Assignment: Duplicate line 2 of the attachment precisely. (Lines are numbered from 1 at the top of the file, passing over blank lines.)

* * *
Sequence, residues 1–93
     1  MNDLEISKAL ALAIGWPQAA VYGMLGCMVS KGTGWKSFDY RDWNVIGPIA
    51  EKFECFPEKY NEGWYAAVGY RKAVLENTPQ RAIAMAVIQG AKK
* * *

     1  MNDLEISKAL ALAIGWPQAA VYGMLGCMVS KGTGWKSFDY RDWNVIGPIA